I have tied the ends at the bottom with a square knot, snug up and tighten the knot.

How do you tie a square knot. Start with crossing the ropes like tying you shoes... right rope over left and back under. Then finish with the opposite...Right rope under left, and back over. When you have it correct the two ropes (one is one rope end, the other the part you are joining)on the left of the knot come out together and angling away from you, the two ropes on the right come out angling toward you from the knot. I also then tie a half hitch in the end of each rope end and snug it up tight to the square knot on each side, cut off the excess leaving about 1/4 inch projecting and melt the end with a lighter and smear the melted rope end onto the half hitch with a little spit on your finger. That finishes and locks it. You can also leave the end on and use it to tie something special to your drum (ring pouch, medicine bundle, decorations?)
tie a square knot
I cut a piece of rope what seems absurdly long, about 12 feet will do. I divide in half to find the middle and just like how we started the cradle rope knots on the top ring, I push the loop through the cradle knot loop and the stick both rope ends back through the middle loop. I cut a piece of rope what seems absurdly long, about 12 feet will do.
The I just snug it down to the cradle rope and I have my two ropes to use as the handle wrap attached...six feet long each snug it down
Start the handle wrap by slipping one rope under the four rope skeleton and tying a half hitch. Note I have marked one rope with a half hitch to aid me in keeping that rope identified. The marked rope come out of the half hitch on the "drum" side of the knot, where the other end (left) come out facing away from the knot. Snug this half hitch up under the skeleton. Start the Handle wrap
Now I tie a half hitch above the skeleton, and note the marked rope again ends coming out of the hitch toward the drum. tie the knot above the skeleton
That is the pattern! a half hitch below, a half hitch above. The key is always tie it so the same rope (marked with a knot) come out of the hitch the same way (on the drum side of hitch. You will discover to do this, all you do is lay that rope under the other when tying the hitch. After the wrap of the half hitch is is still under the other or on the drum side of the knot. I just move the marking knot along as I use up rope. repeat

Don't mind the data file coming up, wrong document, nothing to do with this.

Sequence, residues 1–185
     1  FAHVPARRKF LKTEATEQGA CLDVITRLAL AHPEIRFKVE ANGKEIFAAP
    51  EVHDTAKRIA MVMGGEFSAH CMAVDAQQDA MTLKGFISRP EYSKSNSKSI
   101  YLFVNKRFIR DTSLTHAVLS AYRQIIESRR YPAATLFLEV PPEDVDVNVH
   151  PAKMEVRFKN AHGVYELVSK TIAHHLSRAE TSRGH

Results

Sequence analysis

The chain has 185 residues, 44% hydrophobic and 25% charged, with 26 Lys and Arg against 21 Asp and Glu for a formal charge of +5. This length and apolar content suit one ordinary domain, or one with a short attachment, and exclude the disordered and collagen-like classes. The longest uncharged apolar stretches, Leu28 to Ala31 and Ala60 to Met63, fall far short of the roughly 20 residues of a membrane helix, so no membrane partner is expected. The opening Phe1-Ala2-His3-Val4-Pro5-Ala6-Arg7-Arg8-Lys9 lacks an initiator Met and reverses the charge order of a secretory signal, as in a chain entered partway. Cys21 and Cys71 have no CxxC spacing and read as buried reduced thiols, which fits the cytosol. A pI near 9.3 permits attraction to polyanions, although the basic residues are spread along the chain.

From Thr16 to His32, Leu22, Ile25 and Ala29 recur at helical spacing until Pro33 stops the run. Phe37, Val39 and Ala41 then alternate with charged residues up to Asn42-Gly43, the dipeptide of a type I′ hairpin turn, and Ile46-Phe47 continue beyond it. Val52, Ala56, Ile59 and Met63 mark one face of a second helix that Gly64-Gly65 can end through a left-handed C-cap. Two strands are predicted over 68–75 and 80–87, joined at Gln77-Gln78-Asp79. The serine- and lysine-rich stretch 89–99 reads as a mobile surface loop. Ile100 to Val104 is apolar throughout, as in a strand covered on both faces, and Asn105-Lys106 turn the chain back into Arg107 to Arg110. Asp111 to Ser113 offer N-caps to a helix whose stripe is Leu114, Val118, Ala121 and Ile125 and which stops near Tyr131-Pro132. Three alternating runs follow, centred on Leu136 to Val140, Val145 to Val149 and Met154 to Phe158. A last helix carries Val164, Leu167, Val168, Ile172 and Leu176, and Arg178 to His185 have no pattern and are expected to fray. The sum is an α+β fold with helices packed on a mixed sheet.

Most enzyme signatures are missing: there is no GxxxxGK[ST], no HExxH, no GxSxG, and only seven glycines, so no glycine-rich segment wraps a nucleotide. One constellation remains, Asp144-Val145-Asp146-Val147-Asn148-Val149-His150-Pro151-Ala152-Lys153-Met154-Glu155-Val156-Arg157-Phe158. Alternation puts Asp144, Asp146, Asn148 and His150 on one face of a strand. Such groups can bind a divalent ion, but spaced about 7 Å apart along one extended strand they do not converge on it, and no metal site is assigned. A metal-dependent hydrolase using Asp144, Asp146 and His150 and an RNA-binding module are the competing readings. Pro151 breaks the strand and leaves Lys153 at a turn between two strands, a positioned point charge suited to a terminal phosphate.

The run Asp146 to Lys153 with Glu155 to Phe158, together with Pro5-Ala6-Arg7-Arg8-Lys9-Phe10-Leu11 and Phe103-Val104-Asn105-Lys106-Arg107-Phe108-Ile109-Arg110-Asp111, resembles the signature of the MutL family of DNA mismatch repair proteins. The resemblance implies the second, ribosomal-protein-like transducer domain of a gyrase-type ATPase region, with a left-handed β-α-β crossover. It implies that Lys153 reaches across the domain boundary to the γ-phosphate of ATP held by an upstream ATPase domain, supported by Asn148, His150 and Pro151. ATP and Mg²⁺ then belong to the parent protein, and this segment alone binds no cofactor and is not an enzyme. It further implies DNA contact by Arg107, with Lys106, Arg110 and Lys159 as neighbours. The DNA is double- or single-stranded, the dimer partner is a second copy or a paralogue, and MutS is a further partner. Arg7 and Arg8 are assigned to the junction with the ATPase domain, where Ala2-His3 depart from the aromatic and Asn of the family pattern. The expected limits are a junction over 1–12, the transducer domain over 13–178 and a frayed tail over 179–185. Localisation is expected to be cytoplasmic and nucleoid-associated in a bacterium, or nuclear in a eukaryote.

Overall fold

Essentially you are tying square knots with the "skeleton four ropes "inside" the knot. The handle wrap knots can just slide up and down the skeleton so you snug them nice and even and then you can just keep pushing them up the skeleton to make a really dense handle, or leave them looser. keep working
I have worked all the way down skeleton to the bottom attachment. The way to finish the handle is to tie a half hitch in each separate rope (you already have one in the marked rope) and work them right up to the last wrapping knot...I usually stop at an under the handle one so these locking hitches are out of the way. Again you either cut close, burn and spit smear the ends or use any excess for tying your special stuff on! finish the handle
VOILA !
Here is the finished drum. You can see the extra diamond rope chain stitched and wrapped neatly around. The handle is extremely functional and a great addition. The only thing I'd have done differently is used a slightly bigger hide so the skin wrapped over and covered the rings completely...so for that flaw it only gets an 8.5 out of 10....well so it goes! As an instrument this drum is excellent, great tuned djembe sound.
The finished final touches
Now continue TO: Tuning the Drum
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This page was last modified on 02/17/15 11:38:42 AM